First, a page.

10. Jen H

    Jen H Well-Known Member

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    I've heard of eagles taking small lambs, but I've never heard of a hawk bothering kids. It actually is illegal to kill a raptor. Although after loosing 2 laying hens to a bald eagle I admit I'm tempted...
     
  11. Ramblin Acres

    Ramblin Acres Well-Known Member

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    As a breeder of Pygmies we have never lost a kid to a hawk.We have several hawks that fly over everyday plus we have a small section of woods on our property that I have seen the hawks perching in.I guess anything could happen,there is always that possibility.

    If your having problems with the chickens an easy solution would be to put netting over your chicken yard.Like what they do for pheasants.
     
  12. witchysharon

    witchysharon Well-Known Member

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    I have several friends who are pygmy goat breeders also, and a few have lost a kid to raptors. I have never had it happen, but the larger owls/hawks and eagles can take a cat (the same size as young kids) so I can see how it's very possible.

    One of my friends recounted seeing an eagle (in her case) scoop up one of her kids and 'try' to fly off with it.....but her Pyr was so quick he was out like a flash and literally jumped in the air at the eagle and made it drop the goat! That lucky baby survived with minimal injuries (talon holes).
     
  13. goatkid

    goatkid Well-Known Member Supporter

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    Your neighbor might want to get a few gelded llamas to run with the goats. They protect goats from preditors, get along well with them and eat the same type of forage as goats do.
     
  14. Lost-Nation

    Lost-Nation Member

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    We've lost countless fowl to owls & hawks - I was out milking the goats one morning & watched a hawk swoop down & snatch up an adult rooster right out of the barnyard - not the mean rooster, of course - the NICE one, LOL. We had less problems when we added geese to the family - my guess is their size might be intimidating to the "raptors" . . . ?

    Since getting LGDs however, they seem to steer clear of the farm, now. Our veteran Pyr, Cody barks at any large birds that are flying over, LOL.

    Timely that someone asked abt birds of prey possibly being a threat to kids/lambs/etc. - a good breeder friend of mine just lost a week-old kid to what they think was an eagle over the weekend. The kid was apparently too big for the bird to take off with - & it must have been interrupted b/c they found the kid barely alive from blood loss due to several puncture wounds. Their kids are started in a former dog kennel made of 8' chain link fencing & wire buried into the ground to keep dogs from digging out - or predators from digging in, which . . . you'd THINK would provide pretty good protection, but . . . not if the predators are coming from above!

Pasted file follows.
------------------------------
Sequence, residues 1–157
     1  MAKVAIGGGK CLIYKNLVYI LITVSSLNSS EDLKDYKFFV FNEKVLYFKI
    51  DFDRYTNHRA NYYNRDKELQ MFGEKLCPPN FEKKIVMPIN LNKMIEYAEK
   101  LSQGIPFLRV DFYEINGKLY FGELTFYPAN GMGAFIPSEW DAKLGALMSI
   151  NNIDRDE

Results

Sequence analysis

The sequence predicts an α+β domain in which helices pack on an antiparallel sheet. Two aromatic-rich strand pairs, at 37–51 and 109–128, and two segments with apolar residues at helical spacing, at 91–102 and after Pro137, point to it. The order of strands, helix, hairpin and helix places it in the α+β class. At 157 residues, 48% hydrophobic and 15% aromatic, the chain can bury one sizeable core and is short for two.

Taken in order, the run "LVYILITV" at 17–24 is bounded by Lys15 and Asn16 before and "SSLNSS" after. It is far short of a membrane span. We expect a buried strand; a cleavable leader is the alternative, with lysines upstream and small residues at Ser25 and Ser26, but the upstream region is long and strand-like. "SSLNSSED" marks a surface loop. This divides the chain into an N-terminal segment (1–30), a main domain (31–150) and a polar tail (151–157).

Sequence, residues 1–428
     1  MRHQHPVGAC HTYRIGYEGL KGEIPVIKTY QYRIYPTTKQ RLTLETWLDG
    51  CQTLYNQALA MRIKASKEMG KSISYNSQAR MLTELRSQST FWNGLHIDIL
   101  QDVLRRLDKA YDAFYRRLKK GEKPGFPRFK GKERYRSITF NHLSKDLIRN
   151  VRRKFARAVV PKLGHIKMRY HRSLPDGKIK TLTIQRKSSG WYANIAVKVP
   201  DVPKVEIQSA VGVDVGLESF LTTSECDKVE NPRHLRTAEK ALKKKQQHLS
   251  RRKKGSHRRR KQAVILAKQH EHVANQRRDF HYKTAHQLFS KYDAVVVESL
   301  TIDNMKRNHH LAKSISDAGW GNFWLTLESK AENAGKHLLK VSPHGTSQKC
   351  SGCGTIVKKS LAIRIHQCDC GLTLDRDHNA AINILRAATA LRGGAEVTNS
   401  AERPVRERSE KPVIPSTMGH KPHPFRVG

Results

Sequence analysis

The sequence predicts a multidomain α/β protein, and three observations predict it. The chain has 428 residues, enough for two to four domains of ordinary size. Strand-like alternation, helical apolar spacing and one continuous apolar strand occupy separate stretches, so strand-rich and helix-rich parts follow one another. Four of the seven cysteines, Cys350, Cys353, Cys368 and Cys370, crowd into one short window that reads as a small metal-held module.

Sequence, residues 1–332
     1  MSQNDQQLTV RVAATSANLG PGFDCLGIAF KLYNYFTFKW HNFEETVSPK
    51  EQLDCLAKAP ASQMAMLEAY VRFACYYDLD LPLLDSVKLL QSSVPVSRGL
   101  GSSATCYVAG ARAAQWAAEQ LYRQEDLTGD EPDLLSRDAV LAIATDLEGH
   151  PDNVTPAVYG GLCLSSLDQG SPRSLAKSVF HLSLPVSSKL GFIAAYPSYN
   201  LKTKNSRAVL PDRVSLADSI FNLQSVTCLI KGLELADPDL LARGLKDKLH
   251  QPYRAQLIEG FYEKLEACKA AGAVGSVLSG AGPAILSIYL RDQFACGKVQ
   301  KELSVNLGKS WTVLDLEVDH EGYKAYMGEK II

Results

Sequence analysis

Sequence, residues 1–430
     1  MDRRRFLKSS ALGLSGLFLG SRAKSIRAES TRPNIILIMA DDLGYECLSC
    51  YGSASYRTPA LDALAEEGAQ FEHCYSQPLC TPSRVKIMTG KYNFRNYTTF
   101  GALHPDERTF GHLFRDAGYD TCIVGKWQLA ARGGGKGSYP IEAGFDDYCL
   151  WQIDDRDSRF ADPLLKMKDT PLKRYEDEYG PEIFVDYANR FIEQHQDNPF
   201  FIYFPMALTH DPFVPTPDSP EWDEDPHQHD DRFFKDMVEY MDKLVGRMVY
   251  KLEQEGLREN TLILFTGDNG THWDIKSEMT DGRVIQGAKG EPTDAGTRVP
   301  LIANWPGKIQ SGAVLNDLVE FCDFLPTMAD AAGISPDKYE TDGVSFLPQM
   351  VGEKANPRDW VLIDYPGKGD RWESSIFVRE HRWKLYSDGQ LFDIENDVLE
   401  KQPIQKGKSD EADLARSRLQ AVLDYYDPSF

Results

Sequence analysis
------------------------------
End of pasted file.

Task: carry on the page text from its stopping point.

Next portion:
So yep, I'd definitely invest in LGDs if birds of prey were an issue!

    Regards,
    Sarah
     
  15. witchysharon

    witchysharon Well-Known Member

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    I'd definitely invest in LGDs if birds of prey were an issue

    Ditto. LGD's have keen intelligence. Our roosters have different calls for different predators (ground or aerial) and our Anatolian learned on his own the difference. If a rooster gives the "ground predator' call, he patrols the property and perimeter. If a rooster gives the "aerial predator' call, our dog will scan the sky and any trees looking for a raptor.

    One of our pigeons got knocked to the ground by a peregrine falcon which was turning back to 'collect' his meal. My dog went and stood guard over the pigeon, and barked for me until I came and retrieved it. Luckily the pigeon survived the fall with no injuries (although somewhat stunned) since he landed in a foot of snow. That pigeon doesn't go flying very far from the safety of the loft to this day!